‘Princess’ Movie Review: Karthik Aaryan Can’t Save The Prince From This Pointless Joke

Kartik Aaryan and Kriti Sanon in the stills of 'Prince'

Kartik Aaryan and Kriti Sanon in a still from ‘Prince’ Photo credit: T Series Films

A useless remake of Telugu blockbuster Ala VaikanthapuramuluPrince Reluctance to do something: entertainment. Originally, this is a ‘Manmohan Desai meets Davi Dhawan’ type of masala recipe but in the hands of director Rohit Dhawan, it tastes very bland and generic.

The original Telugu film was based on the emotional premise of Trivakaram Srinivas’ story rooted in centuries of social division and of course Allu Arjun’s poignant mourning. Both are in short supply here as there is no internal logic and Rohit fails to make us suspend disbelief after half an hour. Valmiki (Paresh Rawal) swaps her newborn baby with her master Randeep Jindal (Roneet Roy) so that her boy can live a wonderful life. However, things don’t go as planned, if anything, as Bantu’s (Karthik Aaryan) genes cannot be tamed by Valmiki’s taunts.

We can see through the regressive tone where the makers lead to the nature vs. nurture debate and pedigree in the charade in the name of performance. The cynicism and social indifference of the idea is toned down, perhaps not to offend multiplex audiences, but in the process, it changes. Prince In a toothless animal. The remaining two hours are spent on the antics of a seemingly selfless boy with a golden heart, drawn from a series of pan-Indian hits of yesteryear.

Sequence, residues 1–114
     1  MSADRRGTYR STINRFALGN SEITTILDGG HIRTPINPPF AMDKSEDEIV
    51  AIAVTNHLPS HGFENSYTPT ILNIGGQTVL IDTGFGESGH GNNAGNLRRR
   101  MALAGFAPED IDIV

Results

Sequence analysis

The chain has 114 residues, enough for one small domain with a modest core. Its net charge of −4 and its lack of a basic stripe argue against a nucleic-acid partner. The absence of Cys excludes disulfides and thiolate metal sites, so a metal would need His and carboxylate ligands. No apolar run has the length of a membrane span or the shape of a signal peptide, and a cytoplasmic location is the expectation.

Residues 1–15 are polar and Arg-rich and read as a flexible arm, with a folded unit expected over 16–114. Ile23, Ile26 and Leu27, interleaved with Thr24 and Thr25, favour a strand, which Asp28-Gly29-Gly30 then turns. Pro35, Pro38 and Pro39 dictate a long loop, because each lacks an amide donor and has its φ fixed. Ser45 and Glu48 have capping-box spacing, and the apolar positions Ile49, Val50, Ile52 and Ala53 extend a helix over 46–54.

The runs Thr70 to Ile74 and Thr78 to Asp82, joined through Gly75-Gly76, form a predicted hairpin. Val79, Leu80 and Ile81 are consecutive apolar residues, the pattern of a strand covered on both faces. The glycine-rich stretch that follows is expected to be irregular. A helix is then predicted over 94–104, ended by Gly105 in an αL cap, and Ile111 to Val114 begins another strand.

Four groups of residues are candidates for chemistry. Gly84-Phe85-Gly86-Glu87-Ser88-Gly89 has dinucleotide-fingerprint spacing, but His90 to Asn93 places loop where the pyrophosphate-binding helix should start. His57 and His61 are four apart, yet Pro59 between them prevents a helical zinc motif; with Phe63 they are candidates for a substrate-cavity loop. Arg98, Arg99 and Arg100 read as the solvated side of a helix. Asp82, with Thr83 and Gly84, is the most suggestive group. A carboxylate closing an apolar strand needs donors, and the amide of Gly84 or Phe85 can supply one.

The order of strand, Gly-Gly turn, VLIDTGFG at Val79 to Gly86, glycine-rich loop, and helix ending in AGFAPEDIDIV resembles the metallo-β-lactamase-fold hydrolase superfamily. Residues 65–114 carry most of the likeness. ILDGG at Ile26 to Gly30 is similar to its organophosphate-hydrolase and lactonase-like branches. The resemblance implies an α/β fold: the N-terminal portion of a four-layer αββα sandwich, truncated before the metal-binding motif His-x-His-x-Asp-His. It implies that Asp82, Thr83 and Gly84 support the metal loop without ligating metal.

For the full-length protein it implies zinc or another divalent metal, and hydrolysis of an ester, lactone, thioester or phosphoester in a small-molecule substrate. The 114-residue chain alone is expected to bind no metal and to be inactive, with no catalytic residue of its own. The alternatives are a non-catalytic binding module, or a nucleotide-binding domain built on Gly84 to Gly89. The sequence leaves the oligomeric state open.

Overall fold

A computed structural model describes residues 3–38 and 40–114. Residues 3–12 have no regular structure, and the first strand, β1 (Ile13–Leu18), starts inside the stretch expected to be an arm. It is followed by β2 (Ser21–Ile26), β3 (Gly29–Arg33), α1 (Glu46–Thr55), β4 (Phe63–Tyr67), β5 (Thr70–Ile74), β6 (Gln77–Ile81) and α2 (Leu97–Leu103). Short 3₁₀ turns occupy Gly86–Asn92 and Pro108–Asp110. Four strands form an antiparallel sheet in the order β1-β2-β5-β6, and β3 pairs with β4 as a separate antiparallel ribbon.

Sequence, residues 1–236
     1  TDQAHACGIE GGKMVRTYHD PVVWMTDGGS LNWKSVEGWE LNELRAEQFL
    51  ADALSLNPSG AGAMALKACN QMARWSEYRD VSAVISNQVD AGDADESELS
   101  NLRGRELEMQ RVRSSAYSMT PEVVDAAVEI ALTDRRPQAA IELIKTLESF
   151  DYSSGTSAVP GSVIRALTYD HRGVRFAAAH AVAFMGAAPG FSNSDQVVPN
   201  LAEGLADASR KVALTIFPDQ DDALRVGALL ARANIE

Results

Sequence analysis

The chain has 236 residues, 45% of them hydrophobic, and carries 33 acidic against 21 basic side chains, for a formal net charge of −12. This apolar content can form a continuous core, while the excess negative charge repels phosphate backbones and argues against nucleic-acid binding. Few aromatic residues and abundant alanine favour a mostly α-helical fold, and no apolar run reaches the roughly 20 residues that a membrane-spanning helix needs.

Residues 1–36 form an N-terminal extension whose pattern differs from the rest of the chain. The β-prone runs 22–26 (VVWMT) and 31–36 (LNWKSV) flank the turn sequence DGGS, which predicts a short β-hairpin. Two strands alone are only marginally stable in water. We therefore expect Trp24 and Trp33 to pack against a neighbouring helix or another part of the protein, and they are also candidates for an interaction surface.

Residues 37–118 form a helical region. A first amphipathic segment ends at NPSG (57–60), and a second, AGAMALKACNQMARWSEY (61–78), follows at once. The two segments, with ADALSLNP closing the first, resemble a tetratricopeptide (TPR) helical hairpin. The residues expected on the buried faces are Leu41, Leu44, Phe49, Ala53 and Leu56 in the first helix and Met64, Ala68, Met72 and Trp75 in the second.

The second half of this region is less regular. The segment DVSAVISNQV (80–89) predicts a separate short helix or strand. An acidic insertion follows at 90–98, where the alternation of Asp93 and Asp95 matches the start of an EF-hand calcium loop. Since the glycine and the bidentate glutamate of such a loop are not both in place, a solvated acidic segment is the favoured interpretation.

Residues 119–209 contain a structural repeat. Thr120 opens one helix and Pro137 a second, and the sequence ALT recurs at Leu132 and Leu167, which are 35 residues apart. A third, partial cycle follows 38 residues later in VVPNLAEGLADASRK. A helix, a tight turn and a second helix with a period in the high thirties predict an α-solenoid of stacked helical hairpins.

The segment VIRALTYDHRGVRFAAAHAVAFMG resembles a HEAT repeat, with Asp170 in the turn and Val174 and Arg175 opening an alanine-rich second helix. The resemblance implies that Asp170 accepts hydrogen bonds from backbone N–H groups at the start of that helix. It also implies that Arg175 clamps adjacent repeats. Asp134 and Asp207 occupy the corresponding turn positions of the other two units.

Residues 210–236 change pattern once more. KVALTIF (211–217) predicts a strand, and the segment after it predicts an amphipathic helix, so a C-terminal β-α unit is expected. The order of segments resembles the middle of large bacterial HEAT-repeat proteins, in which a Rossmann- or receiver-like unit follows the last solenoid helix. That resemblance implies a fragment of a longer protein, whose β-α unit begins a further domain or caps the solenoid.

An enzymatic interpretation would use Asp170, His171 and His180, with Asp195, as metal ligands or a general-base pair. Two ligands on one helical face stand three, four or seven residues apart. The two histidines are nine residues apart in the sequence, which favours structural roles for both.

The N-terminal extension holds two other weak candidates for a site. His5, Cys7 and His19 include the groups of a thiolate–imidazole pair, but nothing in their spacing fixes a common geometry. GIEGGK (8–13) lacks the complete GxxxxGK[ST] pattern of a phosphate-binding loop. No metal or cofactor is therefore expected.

Prince (Hindi)

Director: Rohit Dhawan

The cast: Karthik Aaryan, Kriti Sanon, Manisha Koirala, Paresh Rawal, Ronit Roy, Sachin Khedekar

Run time: 142 minutes

The story line: A middle-class man swaps his infant son for his master’s son so that his boy can live a lavish life. But things don’t go according to plan when her master’s son grows up and becomes intolerant of her taunts.

Hussain Dalal’s dialogues do not have the unbridled punch that we expect from a product of Dhawan’s house. Whatever fun there is in the lines has already been squeezed into the trailers. Karthik has chosen the wrong vehicle to enter the universe of mass entertainers. He’s not bad, but here he’s held back by a script that expects him to jump without signing off. Panchnama of his friend’s picture. He is stuck somewhere in the past.

It could still have been saved if the skits in between had been funny and the songs and dances – which were the highlight of the original and the reason the film had a female lead – added some value to the proceedings. The music doesn’t capture our senses and Kriti is completely lost in a sketchy role that gives her a lot of legroom but little else.

Ronit seems to have walked straight from the sets of the daily soap and along with Manisha Koirala tries hard to inject some melodrama and dollop of grace into the proceedings. However, they cannot save the prince from this pointless joke.

Prince is currently playing in cinemas.

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